“I guess that’s never an easy thing to do. This season, we’ve had so many different players put their hand up and comeback from injuries, and it’s just new people starting (as well). So I think one of our coaches’ calculated that we have 62 different players, different women playing in the Varsity for the women’s side throughout the three clubs, which I think is quite impressive in itself. Just for the amount of people playing rugby for the women’s side.”

“So, I could only take 23 with me to the varsity match.” Khan added. “There’s some players that have sadly missed out who have played brilliantly for us all season, but for various reasons we can’t select them.”

Looking at two players who are front-running contenders to represent the first XV, Oxford’s Alex Wilkinson and Tolu Duckworth have been stand-out players this season. Sophie Shams first discussed Wilkinson, as the scrum half has recently progressed into the England U20 Women’s squad, following a series of impressive performances.

“I mean, Alex Wilkinson is an amazing nine to have on the pitch, she is as switched on as anything is, and I think that we connect up quite well. She’s been quite a good role model for others to be like, ‘oh, there are people that can play rugby, but also study as well’. And that’s almost quite rare to have here. She’s not afraid to speak up. But she also listens to what’s needed for the good of the team.”

Image Credit – Keble College – Alex Wilkinson (left) and Tolu Duckworth (right)

Duckworth is also an anomaly of the Oxford squad, as her meteoric rise since beginning rugby took her into the 1st XV in only her first season. Set to pack down the scrum at second row once again, Shams was full of praise for the lock who is eyeing up her second blue. The captain explained how players like Tolu have given Khan plenty to consider when it comes to selection.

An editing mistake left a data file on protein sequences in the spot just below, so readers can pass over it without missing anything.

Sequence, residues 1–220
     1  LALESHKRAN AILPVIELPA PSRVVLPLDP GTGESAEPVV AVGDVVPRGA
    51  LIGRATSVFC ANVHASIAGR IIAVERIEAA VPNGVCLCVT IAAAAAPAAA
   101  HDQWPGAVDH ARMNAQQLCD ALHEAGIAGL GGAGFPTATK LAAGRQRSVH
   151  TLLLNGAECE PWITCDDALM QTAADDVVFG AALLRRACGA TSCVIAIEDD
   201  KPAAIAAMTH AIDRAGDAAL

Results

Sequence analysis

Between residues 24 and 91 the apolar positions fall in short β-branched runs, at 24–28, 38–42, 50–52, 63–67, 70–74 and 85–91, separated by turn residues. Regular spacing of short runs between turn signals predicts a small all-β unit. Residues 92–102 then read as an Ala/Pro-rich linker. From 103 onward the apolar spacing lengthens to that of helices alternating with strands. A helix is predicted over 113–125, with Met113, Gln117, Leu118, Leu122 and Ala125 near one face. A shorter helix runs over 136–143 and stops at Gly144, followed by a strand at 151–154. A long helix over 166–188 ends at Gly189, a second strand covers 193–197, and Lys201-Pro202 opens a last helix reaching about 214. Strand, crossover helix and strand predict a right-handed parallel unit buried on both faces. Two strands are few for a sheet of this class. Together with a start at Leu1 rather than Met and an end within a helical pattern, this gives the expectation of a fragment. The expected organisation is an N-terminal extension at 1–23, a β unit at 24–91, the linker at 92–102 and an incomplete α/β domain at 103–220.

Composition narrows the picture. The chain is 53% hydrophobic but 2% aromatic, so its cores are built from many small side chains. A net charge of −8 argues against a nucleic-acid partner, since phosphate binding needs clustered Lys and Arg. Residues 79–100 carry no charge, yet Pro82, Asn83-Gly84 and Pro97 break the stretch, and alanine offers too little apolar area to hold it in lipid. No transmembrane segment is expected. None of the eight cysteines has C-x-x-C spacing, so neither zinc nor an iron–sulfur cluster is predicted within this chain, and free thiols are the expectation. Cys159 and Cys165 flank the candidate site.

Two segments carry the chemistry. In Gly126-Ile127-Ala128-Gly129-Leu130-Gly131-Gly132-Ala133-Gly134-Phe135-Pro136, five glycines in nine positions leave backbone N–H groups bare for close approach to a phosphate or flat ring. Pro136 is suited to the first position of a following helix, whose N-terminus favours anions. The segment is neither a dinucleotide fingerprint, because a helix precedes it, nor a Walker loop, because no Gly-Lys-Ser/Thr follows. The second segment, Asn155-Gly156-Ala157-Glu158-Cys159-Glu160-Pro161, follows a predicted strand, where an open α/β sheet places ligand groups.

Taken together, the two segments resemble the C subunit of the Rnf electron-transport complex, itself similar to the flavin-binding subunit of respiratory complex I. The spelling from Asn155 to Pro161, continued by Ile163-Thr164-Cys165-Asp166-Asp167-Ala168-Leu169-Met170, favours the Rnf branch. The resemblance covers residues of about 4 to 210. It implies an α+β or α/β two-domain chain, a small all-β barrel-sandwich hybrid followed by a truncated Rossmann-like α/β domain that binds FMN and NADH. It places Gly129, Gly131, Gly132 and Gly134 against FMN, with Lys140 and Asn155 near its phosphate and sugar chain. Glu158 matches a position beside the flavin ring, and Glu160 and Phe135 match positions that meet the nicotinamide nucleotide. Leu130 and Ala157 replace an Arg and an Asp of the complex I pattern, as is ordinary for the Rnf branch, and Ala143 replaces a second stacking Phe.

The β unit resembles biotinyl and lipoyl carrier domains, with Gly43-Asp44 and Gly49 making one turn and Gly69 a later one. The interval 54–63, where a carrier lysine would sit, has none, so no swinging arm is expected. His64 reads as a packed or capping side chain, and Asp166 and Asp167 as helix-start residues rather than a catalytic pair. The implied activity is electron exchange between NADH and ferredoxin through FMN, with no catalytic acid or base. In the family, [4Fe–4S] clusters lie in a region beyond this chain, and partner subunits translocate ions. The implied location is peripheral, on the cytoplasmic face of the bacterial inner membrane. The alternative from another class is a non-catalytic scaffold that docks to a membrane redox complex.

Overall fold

“I think it creates almost some good headaches for selection. I mean, last year, we had one of our players Tolu, she started in October and ended up getting a Blue in March. I think that speaks volumes to the amount of natural athleticism that we have throughout Oxford. So this year, I really wanted to try and get as many players playing as possible just to see how quickly they get into it.

Image Credit – Keble College

“The fact that we have people joining even, like in the past two weeks, I think speaks volumes and in just trying to be that club that’s as welcoming and open to people regardless of their backgrounds, regardless of their gender and orientation. I mean, women’s rugby is quite good in that it’s there for everyone.

“So trying to create that environment and get people who are scared… I think one of the best things was, when I was talking to some of the players, one of them that I was talking to, she said; ‘Yeah, I think rugby fits me.’ And I was really happy with that, because that kind of spoke to me on the inside.

“Because she is a natural athlete and is incredibly talented, and then just trying to help her find a sport that suited her has been quite fulfilling for me as a captain, and trying to bring that to the club a little bit more.”